"Something wrong, sir! No, indeed, sir! Except you call it wrong to have an old uncle 's dies and leaves ever so much money--thousands on thousands, the lawyers say."

"And does it come to you then, Alice?"

"I get my share, sir. He left it to be parted even between his nephews and nieces."

"Why, Alice, you are quite an heiress, then!" returned her master, scarcely however believing the thing so grand as Alice would have it. "But don't you think now it would be rather hard that your fortune should be Mrs. Greatorex's misfortune?"

"Well, I don't see as how it shouldn't," replied Alice. "It's mis'ess's fortun' as 'as been my misfortun'--ain't it now, sir? An' why shouldn't it be the other way next?"

"I don't quite see how your mistress's fortune can be said to be your misfortune, Alice."

"Anybody would see that, sir, as wasn't blinded by class-prejudices."

"Class-prejudices!" exclaimed Mr. Greatorex, in surprise at the word.

"It's a term they use, I believe, sir! But it's plain enough that if mis'ess hadn't 'a' been better off than me, she wouldn't ha' been able to secure my services--as you calls it."

"That is certainly plain enough," returned Mr. Greatorex. "But suppose nobody had been able to secure your services, what would have become of you?"

"By that time the people'd have rose to assert their rights."

"To what?--To fortunes like yours?"

"To bread and cheese at least, sir," returned Alice, pertly.

"Well, but you've had something better than bread and cheese."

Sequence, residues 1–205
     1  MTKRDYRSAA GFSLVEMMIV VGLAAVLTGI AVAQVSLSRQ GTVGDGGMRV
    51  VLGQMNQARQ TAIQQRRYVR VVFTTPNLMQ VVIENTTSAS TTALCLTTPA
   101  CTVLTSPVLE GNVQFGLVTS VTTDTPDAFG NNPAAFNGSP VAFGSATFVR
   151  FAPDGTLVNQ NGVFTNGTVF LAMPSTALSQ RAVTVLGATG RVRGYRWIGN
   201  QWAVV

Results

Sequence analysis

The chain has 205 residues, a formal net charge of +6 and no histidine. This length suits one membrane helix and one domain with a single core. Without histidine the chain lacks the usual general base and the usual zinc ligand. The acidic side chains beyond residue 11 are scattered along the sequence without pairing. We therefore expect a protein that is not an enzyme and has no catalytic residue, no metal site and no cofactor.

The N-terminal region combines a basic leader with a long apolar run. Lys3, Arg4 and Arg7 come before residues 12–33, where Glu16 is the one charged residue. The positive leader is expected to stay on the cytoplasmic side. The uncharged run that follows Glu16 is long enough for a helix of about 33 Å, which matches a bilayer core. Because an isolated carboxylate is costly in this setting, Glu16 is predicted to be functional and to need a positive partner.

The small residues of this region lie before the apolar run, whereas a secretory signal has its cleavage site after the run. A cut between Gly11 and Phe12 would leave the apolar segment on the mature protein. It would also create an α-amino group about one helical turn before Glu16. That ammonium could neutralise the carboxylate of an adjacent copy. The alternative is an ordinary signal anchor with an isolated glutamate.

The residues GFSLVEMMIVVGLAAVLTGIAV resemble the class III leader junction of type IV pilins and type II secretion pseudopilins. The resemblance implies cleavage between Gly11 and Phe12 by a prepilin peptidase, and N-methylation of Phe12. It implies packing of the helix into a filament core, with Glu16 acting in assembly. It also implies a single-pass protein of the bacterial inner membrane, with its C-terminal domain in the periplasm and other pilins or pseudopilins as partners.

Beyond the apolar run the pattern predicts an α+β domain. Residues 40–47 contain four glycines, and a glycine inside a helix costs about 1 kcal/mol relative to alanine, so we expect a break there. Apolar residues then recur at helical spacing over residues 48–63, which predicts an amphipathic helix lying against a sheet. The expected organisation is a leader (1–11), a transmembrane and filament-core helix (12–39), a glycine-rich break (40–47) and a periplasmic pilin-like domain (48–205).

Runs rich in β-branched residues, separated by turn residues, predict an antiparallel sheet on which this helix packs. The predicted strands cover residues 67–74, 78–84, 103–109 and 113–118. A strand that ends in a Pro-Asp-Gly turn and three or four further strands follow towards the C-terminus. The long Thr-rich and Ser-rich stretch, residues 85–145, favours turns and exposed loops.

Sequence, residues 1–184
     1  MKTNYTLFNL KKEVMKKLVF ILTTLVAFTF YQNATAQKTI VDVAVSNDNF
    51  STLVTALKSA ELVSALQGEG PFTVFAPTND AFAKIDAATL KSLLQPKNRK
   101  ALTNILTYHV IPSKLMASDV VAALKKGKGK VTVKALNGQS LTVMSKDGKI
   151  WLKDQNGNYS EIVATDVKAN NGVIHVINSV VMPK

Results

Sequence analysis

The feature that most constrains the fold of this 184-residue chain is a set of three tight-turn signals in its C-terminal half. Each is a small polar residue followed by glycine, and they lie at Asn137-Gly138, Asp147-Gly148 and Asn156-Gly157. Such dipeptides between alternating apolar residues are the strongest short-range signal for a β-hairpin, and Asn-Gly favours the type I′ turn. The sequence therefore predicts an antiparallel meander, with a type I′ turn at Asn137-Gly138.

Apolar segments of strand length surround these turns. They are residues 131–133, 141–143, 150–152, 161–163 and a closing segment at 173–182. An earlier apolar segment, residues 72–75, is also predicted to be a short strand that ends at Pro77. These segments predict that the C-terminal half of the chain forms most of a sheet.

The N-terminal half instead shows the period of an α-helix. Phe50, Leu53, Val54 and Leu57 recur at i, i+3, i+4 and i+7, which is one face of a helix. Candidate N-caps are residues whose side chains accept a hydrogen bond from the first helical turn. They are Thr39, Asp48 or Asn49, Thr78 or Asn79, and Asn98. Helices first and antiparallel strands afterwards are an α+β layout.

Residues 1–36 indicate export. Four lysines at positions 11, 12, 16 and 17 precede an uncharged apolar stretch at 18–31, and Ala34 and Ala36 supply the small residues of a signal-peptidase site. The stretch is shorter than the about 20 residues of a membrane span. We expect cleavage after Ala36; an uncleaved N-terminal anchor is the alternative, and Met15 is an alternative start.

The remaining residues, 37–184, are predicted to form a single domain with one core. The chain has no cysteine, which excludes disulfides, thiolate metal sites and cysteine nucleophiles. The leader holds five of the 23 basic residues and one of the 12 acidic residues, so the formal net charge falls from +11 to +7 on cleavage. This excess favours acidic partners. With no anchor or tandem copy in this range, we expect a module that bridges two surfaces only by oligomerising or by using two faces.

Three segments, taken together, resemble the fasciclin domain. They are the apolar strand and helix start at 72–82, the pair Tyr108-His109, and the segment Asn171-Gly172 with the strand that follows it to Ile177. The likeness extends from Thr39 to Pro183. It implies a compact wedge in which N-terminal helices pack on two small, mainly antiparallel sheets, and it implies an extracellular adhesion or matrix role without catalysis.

"I don't make no complaints as to the style of livin' in the house, sir, but that's all one, so long as it's on the vile condition of domestic slavery--which it's nothing can justify."

"Then of course, although you are now a woman of property, you will never dream of having any one to wait on you," said her master, amused with the volume of human nature thus opened to him.

"All I say, sir, is--it's my turn now; and I ain't goin' to be sit upon by no one. I know my dooty to myself."

"I didn't know there was such a duty, Alice," said her master.

Something in his tone displeased her.

"Then you know now, sir," she said, and bounced out of the room.

The next moment, however, ashamed of her rudeness, she re-entered, saying,

"I don't want to be unkind, sir, but I must go home. I've got a brother that's ill, too, and wants to see me. If you don't object to me goin' home for a month, I promise you to come back and see mis'ess through her trouble--as a friend, you know, sir."

"But just listen to me first, Alice," said Mr. Greatorex. "I've had something to do with wills in my time, and I can assure you it is not likely to be less than a year before you can touch the money. You had much better stay where you are till your uncle's affairs are settled. You don't know what may happen. There's many a slip between cup and lip, you know."

"Oh! it's all right, sir. Everybody knows the money's left to his nephews and nieces, and me and my brother's as good as any."

"I don't doubt it: still, if you'll take my advice, you'll keep a sound roof over your head till another's ready for you."

Alice only threw her chin in the air, and said almost threateningly,

"Am I to go for the month, sir?"

"I'll talk to your mistress about it," answered Mr. Greatorex, not at all sure that such an arrangement would be for his wife's comfort.

But the next day Mrs. Greatorex had a long talk with Alice, and the result was that on the following Monday she was to go home for a month, and then return for two months more at least. What Mr. Greatorex had said about the legacy, had had its effect, and, besides, her mistress had spoken to her with pleasure in her good fortune. About Sophy no one felt any anxiety: she was no trouble to any one, and the housemaid would see to her.